How to help your children through the ups and downs of your separation and divorce
This is part 2 of this article about helping your children cope with separation and divorce. If you've landed here first, do jump over to part 1 to learn about the factors that will play a part in how your children are able manage during this turbulent time.
Are your children taking sides?
It can happen that one or more of your children appears to 'take sides' with you or your (ex)partner. It’s distressing of course if your children reject you at any time. You’re already struggling from the effects of the separation and divorce. Thus it can even be more galling if your children appear to shun you in favour of your ex.
It's natural for children to want a relationship with their parents - if they feel safe. If you feel your children seem to reject you, it may be that you or your ex are putting too much pressure on them. Children will have their own opinion of what’s happening. And it’s unlikely to be based on the ‘reality’ as you see it.
Here is how you or your partner may be contributing to the problem. Your children may be taking sides because one of you (or both of you)...
- prevents the child from seeing their other parent, OR...
- won't allow the child to see their other parent with his or her new partner (often very understandably so, if either one of you has quickly ‘swapped’ one partner for another!)
- fails to communicate important information about the child to the other parent
- causes arguments over child support
- has had an affair, and so the child takes the side of the parent who’s been hurt
- use them as a weapon or bargaining tool in the divorce process.
After a period of rejection children may try hard to re-establish the contact though.
However challenging the situation, however sad you feel, remember: you're in the process of teaching your children how to deal with life's dramas.
Is it best to let your children choose?
6 Things you need to keep in mind...
- It's important for you to get to know your children as they are now - not as they were 'back then' before the divorce. This is especially important when you’re making choices from now on.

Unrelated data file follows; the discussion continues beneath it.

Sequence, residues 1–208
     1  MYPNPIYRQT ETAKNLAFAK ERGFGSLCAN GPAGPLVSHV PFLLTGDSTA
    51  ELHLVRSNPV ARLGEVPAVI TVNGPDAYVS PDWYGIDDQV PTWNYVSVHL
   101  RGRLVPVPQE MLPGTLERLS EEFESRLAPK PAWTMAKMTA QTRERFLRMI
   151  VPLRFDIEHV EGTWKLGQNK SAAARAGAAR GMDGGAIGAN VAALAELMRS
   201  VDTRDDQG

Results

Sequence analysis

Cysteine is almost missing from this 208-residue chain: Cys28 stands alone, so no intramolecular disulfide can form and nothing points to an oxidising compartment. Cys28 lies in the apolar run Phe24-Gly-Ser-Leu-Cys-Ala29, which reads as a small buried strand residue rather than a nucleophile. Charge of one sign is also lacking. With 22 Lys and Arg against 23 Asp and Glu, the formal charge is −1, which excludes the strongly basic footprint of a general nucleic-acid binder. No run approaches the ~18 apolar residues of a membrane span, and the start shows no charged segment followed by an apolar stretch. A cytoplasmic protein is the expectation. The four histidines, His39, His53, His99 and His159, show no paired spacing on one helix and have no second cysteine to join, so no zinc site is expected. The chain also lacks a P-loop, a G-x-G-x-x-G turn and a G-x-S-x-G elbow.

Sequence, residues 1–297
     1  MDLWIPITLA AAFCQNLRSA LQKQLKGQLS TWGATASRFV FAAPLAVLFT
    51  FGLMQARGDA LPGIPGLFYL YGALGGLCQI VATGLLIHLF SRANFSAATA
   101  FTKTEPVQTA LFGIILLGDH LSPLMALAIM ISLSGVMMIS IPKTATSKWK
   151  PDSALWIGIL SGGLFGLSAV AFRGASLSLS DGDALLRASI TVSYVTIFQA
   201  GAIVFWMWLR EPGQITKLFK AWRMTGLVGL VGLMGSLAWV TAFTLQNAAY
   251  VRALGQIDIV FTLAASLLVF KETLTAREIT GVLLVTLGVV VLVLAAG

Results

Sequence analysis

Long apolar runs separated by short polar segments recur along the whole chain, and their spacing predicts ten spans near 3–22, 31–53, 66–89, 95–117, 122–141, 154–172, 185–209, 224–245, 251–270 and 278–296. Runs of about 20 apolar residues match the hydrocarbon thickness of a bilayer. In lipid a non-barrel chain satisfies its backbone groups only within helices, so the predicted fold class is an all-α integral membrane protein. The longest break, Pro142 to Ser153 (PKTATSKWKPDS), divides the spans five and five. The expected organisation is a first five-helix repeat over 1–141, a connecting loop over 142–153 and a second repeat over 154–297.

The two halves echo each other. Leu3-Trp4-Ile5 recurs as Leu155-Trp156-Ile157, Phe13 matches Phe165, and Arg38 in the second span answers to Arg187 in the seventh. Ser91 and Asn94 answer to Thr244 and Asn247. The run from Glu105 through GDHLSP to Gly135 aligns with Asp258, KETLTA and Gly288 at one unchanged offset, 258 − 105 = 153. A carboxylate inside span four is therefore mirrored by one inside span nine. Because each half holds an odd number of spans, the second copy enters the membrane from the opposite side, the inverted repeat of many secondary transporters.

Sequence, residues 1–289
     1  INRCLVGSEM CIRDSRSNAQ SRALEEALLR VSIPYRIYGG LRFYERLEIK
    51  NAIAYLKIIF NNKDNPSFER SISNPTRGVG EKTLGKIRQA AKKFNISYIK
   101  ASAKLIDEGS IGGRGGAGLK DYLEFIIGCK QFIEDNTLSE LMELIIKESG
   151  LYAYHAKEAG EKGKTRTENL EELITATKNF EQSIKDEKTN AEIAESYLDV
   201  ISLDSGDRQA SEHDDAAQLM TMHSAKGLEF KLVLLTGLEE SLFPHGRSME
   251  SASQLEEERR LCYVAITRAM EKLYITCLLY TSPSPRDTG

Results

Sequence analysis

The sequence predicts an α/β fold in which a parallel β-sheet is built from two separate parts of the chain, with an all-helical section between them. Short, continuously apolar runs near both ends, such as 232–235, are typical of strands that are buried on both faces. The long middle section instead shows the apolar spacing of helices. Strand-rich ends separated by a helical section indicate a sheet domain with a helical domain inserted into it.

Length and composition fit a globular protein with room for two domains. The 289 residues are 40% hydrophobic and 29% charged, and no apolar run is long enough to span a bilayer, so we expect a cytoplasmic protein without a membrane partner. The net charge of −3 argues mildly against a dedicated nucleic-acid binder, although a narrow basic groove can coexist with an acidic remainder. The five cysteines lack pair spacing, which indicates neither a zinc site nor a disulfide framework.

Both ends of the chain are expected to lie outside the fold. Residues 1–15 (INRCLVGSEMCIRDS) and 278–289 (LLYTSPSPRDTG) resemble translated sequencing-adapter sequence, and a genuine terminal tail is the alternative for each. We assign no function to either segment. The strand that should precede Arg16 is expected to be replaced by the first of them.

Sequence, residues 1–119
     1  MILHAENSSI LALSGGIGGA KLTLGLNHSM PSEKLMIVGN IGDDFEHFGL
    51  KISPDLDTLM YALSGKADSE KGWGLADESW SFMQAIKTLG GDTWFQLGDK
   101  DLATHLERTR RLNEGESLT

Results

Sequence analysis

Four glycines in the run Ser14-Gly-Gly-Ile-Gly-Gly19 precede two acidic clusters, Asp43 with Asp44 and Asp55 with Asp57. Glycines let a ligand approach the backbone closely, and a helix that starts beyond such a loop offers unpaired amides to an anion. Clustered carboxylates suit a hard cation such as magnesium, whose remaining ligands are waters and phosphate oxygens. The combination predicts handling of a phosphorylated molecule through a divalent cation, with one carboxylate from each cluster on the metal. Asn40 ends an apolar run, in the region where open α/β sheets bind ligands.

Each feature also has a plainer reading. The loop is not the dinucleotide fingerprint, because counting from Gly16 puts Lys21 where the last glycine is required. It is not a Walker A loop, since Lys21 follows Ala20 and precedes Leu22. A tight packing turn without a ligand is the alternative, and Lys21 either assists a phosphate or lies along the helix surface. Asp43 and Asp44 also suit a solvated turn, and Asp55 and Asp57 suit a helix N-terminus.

- Giving your children a little age-appropriate control can help them. You’ll know what they’re capable of, and what’s realistic to expect of them. Giving them the choice of where they want to live is too much control (save perhaps for older teenagers).
- Children are aware of their parents’ wishes, likes and dislikes. They are also easily led, 'bought', or ‘convinced’ in any other way by either one or both of you. But they're often aware of the consequences for the other parent or carer.
- You’ll need to carefully consider the impact of asking your children to choose who they’d like to take to an event. ‘Making’ them choose between you or your ex can lead to all kinds of emotional turmoil.
- They need to feel that you both love and want them, regardless of your personal loyalties and the problems in your relationship.
- They need you both to take an active interest in their well-being throughout the process of separation and divorce, and thereafter
As children mature, their insight into the relationship dynamic deepens. They're likely to discover if one parent has deliberately made it difficult for them to develop a relationship with the other. They will know when your choices and/or the choices you appeared to leave to them were influenced primarily by self-interest.
There are a few more important factors to understand about your children's potential reactions. Let's take a look at those first before we get to how you can deal with your children’s possible fears.
1. Children may misbehave (more than they usually do)
Your children’s behaviour may deteriorate due to the extra pressures on the family. Often they’re well aware that they’re misbehaving. They may even feel guilty for the way they have treated one or both parents. They may think they're letting you down, for example, by not achieving in school. They may realise that they're adding distress by being 'difficult', yet can't help themselves.
2. Could your children be blaming themselves?